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School of Accountancy's Pro Bono Project to help assess Transparency of local charities


On 27 Dec 2016


This article was first published on SMU’s website on 20 December 2016. Re-published with permission from the Singapore Management University (SMU).

In 2015, SMU Dean of Students and the Charities Unit, Ministry of Culture, Community and Youth (MCCY) formalised a collaboration where School of Accountancy (SOA) students would conduct the Charity Transparency Assessment as independent assessors. Associate Professor of Accounting Foo See Liang is the faculty in charge of the project.

Using the Charity Transparency Framework developed by the Charity Council, 40 SOA students assessed 750 charities between Q3 of 2015 to Q1 of 2016. The second run, which commenced in June 2016, will end in December. Over 900 charities will have been assessed by about 60 SOA undergraduates by the end of the second run.

The Charity Transparency Framework was developed to help charities enhance their disclosure and governance practices, and serve as a public education tool for charities and the public by highlighting key areas of disclosure that will aid in informed giving.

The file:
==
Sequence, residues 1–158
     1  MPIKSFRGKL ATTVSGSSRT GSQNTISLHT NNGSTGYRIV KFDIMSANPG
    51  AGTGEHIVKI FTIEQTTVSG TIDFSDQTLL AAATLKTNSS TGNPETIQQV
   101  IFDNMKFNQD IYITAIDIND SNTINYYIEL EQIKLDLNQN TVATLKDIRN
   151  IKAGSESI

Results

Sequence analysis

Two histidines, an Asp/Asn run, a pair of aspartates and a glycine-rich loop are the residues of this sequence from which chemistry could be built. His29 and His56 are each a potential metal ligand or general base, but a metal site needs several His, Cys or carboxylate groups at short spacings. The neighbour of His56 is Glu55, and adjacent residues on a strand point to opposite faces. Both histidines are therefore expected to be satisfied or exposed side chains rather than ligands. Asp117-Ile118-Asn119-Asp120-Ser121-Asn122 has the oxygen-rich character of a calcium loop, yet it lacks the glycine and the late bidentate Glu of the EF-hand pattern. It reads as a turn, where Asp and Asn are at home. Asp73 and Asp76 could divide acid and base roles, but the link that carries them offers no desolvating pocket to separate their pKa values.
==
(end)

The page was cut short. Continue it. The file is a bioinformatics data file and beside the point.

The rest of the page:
The student assessors are trained by the Charity Council Secretariat to assess the charities based on the information found in the charities’ annual reports, financial

statements, governance evaluation checklists and official websites. The students use the Charity Transparency Framework’s Scorecard to award the scores accordingly.

Associate Professor Foo See Liang said, “The primary objective of this pro bono project is to provide an avenue to raise awareness among our students and charities alike on the importance of transparency and sound corporate governance in charities.

“This project offers SOA students hands-on experience on what the transparency standards in Singapore are, as well as what transparency looks like in practice and how charities operate in Singapore.”